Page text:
Why Mentor Texts?

There are a billion resources out there that are stressing the importance of using “mentor texts” to help students develop as readers and writers.  I couldn’t agree more!  Studying what other writers do can not only help our students become better writers–but better readers as well!  In fact, I think it’s so important to dig into these texts that we keep an ongoing list in my class of what we have read so we can refer back to them.  Here is our chart from midway through our school year . . .

It’s funny how some people have misconceptions about the use of picture books in the classroom . . . how we must be pushing our students into more rigorous literature . . . how we don’t have time for those picture book “shared reading” experiences.  Really?  Have you READ some of the wonderful picture books out there?  These are NOT your toddler “going to bed” books!  These are texts rich with language, filled with inferential thinking, and–if presented well–examples of what excellent writing can be!  They have interesting beginnings and endings . . . they are alive with descriptive and figurative language . . . they provide us with the opportunities to get a glimpse into 

. . . a character’s life 
. . . or a time in history
. . . or a special place

They are concise with their words–using just enough to tell the story and help us “see” in our minds what really matters.  They make us think.

Wait a minute–isn’t that what we want our students doing in their own writing?  Their independent reading?  YES!

So–I am on a quest to find the BEST mentor texts out there!  I want to get these rich texts in the eyes, ears, and hearts of students everywhere!  I have started by digging into one of my favorite authors–Eve Bunting–who has written countless picture AND chapter books that accomplish all that I have described above.  

If you haven’t read her books–I beg you to do so and to share them with your students.  The CCSS is asking us to provide our students with rich opportunities to study literature, and Bunting’s books are a perfect vehicle for that.  If you haven’t used picture books in your classroom often, I have created a series of resources that might help you out . . . with more to come if it seems like people like them.  I’ve called my new series “Mentor Text Moments”–because I want you to share these texts with your students and have some of those deep discussions and “moments” with them!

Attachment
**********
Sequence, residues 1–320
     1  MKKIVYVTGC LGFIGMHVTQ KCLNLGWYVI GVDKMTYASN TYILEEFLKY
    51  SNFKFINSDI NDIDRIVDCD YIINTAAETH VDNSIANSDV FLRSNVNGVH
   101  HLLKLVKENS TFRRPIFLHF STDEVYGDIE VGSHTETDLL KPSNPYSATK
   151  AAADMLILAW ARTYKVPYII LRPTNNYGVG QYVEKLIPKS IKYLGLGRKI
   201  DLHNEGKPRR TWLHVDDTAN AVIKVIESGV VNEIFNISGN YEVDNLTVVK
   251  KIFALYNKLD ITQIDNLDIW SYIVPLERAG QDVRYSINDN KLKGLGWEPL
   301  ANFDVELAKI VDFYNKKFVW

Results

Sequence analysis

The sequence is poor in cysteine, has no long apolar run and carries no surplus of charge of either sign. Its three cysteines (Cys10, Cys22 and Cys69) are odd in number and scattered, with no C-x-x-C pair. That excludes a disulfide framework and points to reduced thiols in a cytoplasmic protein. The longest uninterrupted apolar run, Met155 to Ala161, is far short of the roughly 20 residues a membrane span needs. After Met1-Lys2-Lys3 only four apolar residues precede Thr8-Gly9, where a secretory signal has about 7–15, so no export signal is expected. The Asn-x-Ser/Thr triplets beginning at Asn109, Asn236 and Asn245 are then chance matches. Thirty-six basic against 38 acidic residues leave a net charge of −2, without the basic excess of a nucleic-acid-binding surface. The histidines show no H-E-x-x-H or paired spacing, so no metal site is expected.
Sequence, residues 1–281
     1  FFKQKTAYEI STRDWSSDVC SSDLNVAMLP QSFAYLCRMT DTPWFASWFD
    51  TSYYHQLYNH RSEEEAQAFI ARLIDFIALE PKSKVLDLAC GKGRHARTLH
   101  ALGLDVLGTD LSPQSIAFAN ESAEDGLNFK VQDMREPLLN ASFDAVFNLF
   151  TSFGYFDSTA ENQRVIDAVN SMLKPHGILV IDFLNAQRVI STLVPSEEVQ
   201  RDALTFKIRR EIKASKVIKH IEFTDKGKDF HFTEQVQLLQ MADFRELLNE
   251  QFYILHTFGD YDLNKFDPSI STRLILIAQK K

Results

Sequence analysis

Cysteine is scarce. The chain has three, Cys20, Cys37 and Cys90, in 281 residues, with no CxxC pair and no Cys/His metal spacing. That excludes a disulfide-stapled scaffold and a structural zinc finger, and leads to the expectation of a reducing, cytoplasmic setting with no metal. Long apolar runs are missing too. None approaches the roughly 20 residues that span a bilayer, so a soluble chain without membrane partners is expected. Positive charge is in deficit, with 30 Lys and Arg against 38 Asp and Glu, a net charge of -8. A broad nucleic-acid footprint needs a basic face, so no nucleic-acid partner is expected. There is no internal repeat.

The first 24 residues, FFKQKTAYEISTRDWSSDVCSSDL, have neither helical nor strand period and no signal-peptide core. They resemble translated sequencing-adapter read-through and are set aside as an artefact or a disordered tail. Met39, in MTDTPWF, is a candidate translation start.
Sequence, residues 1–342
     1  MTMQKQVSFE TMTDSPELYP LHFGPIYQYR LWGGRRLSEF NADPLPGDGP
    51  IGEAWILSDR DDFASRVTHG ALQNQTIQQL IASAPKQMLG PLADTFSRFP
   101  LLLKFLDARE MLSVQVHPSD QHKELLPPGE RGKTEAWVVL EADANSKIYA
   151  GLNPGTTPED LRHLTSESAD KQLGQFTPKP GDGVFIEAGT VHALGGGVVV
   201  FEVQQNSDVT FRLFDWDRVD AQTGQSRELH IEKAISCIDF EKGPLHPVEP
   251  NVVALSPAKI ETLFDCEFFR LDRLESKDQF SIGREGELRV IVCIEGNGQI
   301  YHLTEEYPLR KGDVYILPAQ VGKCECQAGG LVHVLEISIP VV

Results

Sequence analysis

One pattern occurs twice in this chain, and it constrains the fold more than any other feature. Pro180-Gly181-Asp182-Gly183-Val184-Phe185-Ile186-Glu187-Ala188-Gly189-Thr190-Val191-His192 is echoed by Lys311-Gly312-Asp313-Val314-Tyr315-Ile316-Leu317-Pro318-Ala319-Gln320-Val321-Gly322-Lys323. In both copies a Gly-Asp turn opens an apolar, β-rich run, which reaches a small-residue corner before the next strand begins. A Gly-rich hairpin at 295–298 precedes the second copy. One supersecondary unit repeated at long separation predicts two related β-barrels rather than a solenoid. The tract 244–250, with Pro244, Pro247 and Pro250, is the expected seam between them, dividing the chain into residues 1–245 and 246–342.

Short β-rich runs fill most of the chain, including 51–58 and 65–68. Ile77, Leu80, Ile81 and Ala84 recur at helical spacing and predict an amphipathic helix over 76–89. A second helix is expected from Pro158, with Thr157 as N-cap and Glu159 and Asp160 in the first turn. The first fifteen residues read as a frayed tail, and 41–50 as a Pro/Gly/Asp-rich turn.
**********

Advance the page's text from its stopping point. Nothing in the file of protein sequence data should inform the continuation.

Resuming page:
The resources have some discussion questions that might help you as well as a list of tricky words and phrases that might trip up your English Language Learners and other students with less rich vocabulary.  I have provided the discussion prompts in multiple formats so you can use them in readers notebooks . . . on printable sheets to use to assess students’ thinking . . . or just to use to enrich discussions.  I have also included 2 graphic organizers with each to extend the story and your students’ thinking–as well as a rubric to help you begin to assess the level of thinking against the Common Core.  Interested?  I have put resources for 6 different Eve Bunting texts in my store as well as a bundled set of all 6 if you are interested in that.  I’ll include the link to the bundle below.

What I REALLY want, though, is for you to share out YOUR favorite picture books that you use in your classroom!  Maybe we can all add some new titles to our collection!  Let’s see if we can get a good list going below . . . I’ll start!

“Saturdays and Teacakes” by Lester Laminack is a touching story about a tradition with a young boy and his grandmother.  If you study “memoirs”, this is a must have text! It is filled with descriptive language and drops hints as to what life was like a generation ago!  

OK–your turn!  Let’s hear your best ones!

(and don’t forget about my July special…buy ANY bundle and get an item of $5 or less for free!)